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Grassley asks DOJ to look into the FBI's investigation of the Uranium One deal


During a Senate Judiciary hearing with Attorney General Jeff Sessions, Chairman Charles Grassley said he wants the Department of Justice to look into revelations that the FBI was investigating officials tied to a Russian state-controlled nuclear company that purchased 20 percent of the U.S. uranium supply in 2010.

"It turns out that during the transaction the Justice department had ongoing criminal investigation for bribery, extortion, money laundering into officials for the Russian company involved in the transaction."
Sen. Judiciary Chairman Charles Grassley

“What are you doing to find out how the Russian takeover of the American uranium was allowed to occur despite criminal conduct by the Russia company that the Obama administration approved the purchase," Grassley said.

Grassley said he wants to know why the Committee on Foreign Investment in the United States, or CFIUS, approved the Rosatom purchase of Uranium One despite the existence of an FBI investigation which could have impacted CFIUS’ approval.

The Rostaom takeover of Uranium One required approval by CFIUS, an inter-agency committee who reviews transactions that leads to a change of control of a U.S. business to a foreign person or entity that may have an impact on the national security of the United States. At the time of the Uranium One deal the panel was chaired by then-Treasury Secretary Timothy Geithner and included then-Secretary of State Hillary Clinton and then-Attorney General Eric Holder.

By the time CFIUS approved the sale of Uranium One to Rosatom, the FBI’s investigation had already gathered substantial evidence of bribery and kickbacks against a Russian national, Vadim Mikerin, who was then a top official with Rosatom’s Tenex subsidiary, according to court documents. The FBI said while at Tenex, which was located in Maryland, Mikerin was involved in multiple bribery and kickback schemes. Mikerin pled guilty in 2015 for money laundering conspiracy involving Foreign Corrupt Practices Act Violations and was sentenced to four years in prison. By the end of 2015, four defendants were indicted in the years-long investigation, according to court records and the Justice Department.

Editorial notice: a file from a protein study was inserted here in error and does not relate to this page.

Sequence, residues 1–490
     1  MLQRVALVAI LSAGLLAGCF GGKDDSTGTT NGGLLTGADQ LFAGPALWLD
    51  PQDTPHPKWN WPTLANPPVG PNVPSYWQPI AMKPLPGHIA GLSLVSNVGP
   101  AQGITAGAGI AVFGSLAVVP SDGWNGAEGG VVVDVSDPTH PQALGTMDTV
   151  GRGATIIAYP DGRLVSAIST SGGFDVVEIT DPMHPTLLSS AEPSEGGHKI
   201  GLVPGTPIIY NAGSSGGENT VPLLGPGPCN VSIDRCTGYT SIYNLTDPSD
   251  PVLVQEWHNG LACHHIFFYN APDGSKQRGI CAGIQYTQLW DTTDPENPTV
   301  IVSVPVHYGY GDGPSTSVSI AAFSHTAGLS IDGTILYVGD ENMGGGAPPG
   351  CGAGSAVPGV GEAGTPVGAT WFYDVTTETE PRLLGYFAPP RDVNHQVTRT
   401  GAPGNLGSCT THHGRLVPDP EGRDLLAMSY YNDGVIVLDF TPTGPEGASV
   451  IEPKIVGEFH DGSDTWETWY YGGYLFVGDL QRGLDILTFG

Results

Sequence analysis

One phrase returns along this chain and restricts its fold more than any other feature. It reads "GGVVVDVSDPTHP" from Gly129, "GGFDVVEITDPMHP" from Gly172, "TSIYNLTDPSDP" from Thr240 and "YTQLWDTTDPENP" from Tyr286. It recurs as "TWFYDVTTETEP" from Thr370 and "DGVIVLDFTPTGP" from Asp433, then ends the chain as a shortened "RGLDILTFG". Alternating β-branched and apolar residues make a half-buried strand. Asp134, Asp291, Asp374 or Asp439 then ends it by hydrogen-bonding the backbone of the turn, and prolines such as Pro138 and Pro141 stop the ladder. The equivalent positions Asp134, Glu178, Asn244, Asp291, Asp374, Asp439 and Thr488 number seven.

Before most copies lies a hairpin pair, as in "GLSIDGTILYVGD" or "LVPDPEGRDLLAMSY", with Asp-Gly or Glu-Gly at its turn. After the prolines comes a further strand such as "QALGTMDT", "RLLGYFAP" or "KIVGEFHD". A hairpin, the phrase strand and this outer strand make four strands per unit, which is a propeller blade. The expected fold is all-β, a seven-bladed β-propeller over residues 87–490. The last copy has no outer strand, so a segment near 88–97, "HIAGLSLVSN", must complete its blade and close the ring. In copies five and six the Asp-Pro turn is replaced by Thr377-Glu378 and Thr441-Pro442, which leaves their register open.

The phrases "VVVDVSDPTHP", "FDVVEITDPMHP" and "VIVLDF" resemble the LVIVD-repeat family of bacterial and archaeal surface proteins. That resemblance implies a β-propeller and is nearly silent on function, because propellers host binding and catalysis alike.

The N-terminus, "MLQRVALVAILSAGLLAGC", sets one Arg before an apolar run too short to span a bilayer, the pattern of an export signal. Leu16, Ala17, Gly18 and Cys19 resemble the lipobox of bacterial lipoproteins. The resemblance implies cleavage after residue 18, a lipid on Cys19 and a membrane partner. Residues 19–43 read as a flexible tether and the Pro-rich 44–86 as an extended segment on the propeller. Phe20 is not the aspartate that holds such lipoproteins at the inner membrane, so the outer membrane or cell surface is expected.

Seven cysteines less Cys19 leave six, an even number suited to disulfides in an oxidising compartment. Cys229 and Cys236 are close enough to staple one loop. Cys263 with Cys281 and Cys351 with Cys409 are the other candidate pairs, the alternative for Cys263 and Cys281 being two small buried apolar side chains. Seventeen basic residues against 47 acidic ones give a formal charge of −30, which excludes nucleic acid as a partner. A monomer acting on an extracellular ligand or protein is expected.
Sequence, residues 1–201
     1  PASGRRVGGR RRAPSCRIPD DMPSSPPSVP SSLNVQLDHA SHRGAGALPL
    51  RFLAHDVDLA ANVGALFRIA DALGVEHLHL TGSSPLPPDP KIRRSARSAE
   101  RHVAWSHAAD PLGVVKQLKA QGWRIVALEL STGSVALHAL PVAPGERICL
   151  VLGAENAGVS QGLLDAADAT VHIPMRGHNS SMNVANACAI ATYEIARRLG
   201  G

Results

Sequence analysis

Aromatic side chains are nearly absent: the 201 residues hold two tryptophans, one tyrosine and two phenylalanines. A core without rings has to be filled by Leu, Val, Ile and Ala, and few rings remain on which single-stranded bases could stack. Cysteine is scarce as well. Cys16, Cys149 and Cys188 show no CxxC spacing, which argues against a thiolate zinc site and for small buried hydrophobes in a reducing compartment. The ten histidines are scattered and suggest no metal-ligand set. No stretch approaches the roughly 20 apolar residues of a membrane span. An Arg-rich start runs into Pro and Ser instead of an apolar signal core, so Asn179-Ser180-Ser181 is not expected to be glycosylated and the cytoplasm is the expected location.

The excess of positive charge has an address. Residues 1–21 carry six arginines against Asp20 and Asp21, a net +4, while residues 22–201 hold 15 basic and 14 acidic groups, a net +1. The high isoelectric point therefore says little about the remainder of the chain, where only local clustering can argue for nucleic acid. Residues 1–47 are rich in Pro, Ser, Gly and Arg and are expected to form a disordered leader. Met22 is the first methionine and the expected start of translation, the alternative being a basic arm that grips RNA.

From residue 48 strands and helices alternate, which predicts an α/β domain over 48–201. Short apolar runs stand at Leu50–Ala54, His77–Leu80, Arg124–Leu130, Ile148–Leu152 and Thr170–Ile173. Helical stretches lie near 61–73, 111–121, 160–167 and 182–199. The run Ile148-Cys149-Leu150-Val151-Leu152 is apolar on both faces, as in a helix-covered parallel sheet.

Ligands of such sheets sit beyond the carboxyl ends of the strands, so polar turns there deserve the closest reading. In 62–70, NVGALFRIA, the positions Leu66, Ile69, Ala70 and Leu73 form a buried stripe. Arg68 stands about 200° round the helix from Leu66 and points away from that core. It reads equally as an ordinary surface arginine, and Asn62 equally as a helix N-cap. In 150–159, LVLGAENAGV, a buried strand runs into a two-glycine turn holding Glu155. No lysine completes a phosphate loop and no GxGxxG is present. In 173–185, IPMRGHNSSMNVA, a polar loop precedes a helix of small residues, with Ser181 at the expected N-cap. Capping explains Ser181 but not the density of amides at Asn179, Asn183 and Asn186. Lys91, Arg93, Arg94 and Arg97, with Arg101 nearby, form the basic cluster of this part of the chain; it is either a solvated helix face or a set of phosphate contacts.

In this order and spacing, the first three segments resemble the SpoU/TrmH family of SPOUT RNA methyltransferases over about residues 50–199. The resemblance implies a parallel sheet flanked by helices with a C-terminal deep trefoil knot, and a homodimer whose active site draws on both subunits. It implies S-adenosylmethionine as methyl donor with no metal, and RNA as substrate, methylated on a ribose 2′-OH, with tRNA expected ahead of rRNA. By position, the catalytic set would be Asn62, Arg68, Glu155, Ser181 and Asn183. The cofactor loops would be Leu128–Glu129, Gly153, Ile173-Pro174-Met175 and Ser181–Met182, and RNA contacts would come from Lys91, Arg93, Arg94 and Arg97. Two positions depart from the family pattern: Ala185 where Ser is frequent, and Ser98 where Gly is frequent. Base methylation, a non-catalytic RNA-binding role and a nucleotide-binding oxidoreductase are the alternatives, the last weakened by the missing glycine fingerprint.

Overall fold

In a 2015 affidavit, FBI officials said Mikerin, “with the consent of higher level officials at Tenex and Rosatom (both Russian state-owned entities), would offer no-bid contracts to U.S. businesses in exchange for kickbacks in the form of money...” made to offshore accounts, stated the affidavit in support of a search warrant. Mikerin pled guilty to the allegations.

“Mikerin admitted that he conspired with Daren Condrey, Boris Rubizhevsky and others to transmit approximately $2,126,622 from Maryland and elsewhere in the United States to offshore shell company bank accounts located in Cyprus, Latvia and Switzerland with the intent to promote the Foreign Corrupt Practices Act violations,” according to a DOJ press release announcing the charges against the then defendants in 2014. “Mikerin further admitted that the conspirators used consulting agreements and code words to disguise the corrupt payments.”

Condrey, was an executive of an American trucking company, Transportation Logistics International (TLI) based in Fulton, Maryland, which was authorized at the time to move Russian uranium around the United States, according to contracts and documents reviewed by Circa. Condrey also pled guilty in June 2015 to conspiring to violate the Foreign Corrupt Practices Act (FCPA) and conspiring to commit wire fraud.

Rubizhevsky, a Russian national, who was the president of NEXGEN security in New Jersey, worked as a consultant for Mikerin and Tenam, according to court documents. He aided in the scheme to get the contracts awarded to TLI, according to the Justice Department. Rubizhevsky pled guilty to conspiracy to commit money laundering in June 2015.

The Department of Justice's case against Mikerin was aided by an FBI informat. Circa spoke to intelligence lawyer Victoria Toensing, who is representing the informant said that her client provided information for a couple years before the Uranium One deal was voted on by CFIUS.

“High-ranking law enforcement officials in the Obama Administration knew that there was corruption in this company," Toensing said. She continued that her client "is not only afraid of the Russian people, but he is afraid of the US government because of the threats the Obama administration made against him."

“My client was providing information for a couple years before this really got voted on by CFIUS.”
Victoria Toensing, intelligence lawyer

Senator Grassley, an Iowa Republican said he wanted to know if Department of Justice is investigating whether Russian entities compromised the Obama administration’s decision to approve the sale of Uranium One.

“The Clinton Foundation reportedly received millions of dollars from interested parties in the transaction. And Secretary Clinton’s State Department was one of the agencies that gave a thumbs up to the takeover," he said during the hearing.

“Bill Clinton received 500,000 for a speech in Moscow in June 2010 from the Russian government aligned bank. The same month as the speech Russia began the Uranium acquisition process. This fact pattern raises serious concerns about improper political influence on the process by the previous, by the Clinton’s during the Obama administration. “

Sessions said he could not confirm or deny if there were any investigations and told Grassley he would review Grassley's comments.

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